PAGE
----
There are a large number of books that they can use as a base for movies.

      The reason is not that they are out of ideas, the reason is that they are lazy and just re-use what did work one more time.

      • Re: (Score:3, Insightful)

        by Anonymous Coward

        They're scared to make anything that will flop because it will put them out of business

    • by Anonymous Coward on Wednesday March 15, 2017 @04:16PM (#54046075)

      I remember coming out of the theater after seeing #2 (The Matrix: Reloaded) and thinking, "Huh, not fully what I was hoping for, but that ending could herald interesting things. If Neo can affect reality after waking up then they must be in a layered Matrix. The idea of layered realities and never knowing which one is finally real could be a cool way to wrap up the series." Never in my wildest dreams did I imagine they'd take the route of Neo being future-Jesus who has completely unexplainable powers in the real world, and we're going to abandon any aspirations of science fiction and go headlong into pure fantasy.

      It's hard to imagine how they could screw the story up even worse. Then again, as Douglas Adams said, "A common mistake that people make when trying to design something completely foolproof is to underestimate the ingenuity of complete fools."

      • by drnb ( 2434720 )

        Never in my wildest dreams did I imagine they'd take the route of Neo being future-Jesus who has completely unexplainable powers in the real world, and we're going to abandon any aspirations of science fiction and go headlong into pure fantasy.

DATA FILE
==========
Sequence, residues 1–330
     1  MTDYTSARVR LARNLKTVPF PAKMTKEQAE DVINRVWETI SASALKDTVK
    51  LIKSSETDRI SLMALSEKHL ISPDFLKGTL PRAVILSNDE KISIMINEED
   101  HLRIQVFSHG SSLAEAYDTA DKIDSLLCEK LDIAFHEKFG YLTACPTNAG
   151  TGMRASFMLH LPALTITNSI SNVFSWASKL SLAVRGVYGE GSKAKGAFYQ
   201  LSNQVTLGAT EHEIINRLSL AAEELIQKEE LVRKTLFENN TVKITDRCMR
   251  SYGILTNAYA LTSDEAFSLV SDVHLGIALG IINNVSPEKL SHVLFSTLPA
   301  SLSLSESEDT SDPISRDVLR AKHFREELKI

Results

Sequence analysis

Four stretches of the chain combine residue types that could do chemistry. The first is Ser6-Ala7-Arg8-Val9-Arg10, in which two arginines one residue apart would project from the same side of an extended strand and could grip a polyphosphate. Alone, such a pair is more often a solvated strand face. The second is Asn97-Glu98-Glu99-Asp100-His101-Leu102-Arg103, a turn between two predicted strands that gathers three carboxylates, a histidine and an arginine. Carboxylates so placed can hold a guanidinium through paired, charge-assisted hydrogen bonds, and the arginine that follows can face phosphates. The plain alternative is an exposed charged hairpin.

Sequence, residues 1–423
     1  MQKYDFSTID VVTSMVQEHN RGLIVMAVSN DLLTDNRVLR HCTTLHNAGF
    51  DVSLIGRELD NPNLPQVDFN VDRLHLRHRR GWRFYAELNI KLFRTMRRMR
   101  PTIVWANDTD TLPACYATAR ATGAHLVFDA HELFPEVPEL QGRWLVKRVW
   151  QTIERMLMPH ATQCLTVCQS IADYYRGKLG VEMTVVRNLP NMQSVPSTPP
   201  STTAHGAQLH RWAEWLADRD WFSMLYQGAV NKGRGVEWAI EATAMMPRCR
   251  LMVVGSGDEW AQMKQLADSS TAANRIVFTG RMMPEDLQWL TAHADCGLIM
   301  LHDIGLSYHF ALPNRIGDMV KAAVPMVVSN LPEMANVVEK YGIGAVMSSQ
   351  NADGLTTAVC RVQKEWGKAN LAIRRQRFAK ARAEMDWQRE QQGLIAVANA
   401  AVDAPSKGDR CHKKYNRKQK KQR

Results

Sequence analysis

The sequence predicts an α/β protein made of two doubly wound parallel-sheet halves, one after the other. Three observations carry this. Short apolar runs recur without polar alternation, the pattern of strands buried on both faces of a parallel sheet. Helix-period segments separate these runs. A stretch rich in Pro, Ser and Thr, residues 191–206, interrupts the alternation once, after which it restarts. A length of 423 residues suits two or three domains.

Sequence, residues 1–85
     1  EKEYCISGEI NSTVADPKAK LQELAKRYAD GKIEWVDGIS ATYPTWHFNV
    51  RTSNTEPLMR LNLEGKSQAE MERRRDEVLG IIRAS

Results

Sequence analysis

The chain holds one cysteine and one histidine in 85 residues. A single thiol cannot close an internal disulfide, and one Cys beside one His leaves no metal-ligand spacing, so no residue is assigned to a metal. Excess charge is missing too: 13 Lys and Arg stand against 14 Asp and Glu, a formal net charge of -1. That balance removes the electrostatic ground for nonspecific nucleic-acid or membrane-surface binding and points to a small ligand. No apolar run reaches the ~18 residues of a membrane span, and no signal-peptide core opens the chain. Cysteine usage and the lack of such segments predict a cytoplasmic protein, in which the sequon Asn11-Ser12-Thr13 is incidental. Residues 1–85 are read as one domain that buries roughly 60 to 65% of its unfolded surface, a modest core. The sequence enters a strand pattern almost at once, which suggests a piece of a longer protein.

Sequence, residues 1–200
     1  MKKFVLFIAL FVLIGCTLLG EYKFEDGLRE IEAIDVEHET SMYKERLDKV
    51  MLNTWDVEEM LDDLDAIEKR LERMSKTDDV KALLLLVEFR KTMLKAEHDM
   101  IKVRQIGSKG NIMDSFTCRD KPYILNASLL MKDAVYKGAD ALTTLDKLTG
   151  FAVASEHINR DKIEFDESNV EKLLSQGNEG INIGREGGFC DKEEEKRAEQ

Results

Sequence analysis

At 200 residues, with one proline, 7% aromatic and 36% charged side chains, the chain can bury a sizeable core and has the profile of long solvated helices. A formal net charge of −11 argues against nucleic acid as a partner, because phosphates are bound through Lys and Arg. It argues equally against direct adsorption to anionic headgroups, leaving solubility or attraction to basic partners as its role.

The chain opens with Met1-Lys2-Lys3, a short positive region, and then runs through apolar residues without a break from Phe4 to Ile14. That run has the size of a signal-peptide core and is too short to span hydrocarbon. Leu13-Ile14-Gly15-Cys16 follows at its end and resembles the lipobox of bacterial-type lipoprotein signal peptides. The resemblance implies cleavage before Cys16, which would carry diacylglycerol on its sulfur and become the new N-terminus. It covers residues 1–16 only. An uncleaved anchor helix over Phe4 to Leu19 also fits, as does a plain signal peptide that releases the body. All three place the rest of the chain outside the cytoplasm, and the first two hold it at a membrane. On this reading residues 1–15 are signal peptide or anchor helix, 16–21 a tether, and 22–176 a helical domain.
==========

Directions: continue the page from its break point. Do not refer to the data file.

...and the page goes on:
Any sufficiently advanced science/technology is indistinguishable from magic. ;-)

      • by mpercy ( 1085347 ) on Wednesday March 15, 2017 @04:48PM (#54046419)

        I thought it would lead to layered realities, and that it would expose that many people are perfectly content in the baseline Matrix, some people's minds rebel. These people are identified and hooked to a 2nd Matrix in which they are made aware of the baseline Matrix, can interact with it, pursue their hero fantasies each to their own level necessary (Neo needed to be the One, Trinity need to be in love with the One, Morpheus had to be the one to find the One...) and steered into the whole Zion mythos.

        A few might, like Neo, once exposed to he baseline Matrix, realize that they could be in a 2nd-level Matrix and find themselves able to manipulate it as well. At that point a 3rd..N+1 level matrix would be unnecessary. Those unlucky few would just be lobotomized by the machines and put back in the soup. The effort to entertain the chosen ones with Matrix 2 is justified only by the notion that the undamaged brains allow more wetware computing power to be utilized (i.e., humans not just batteries).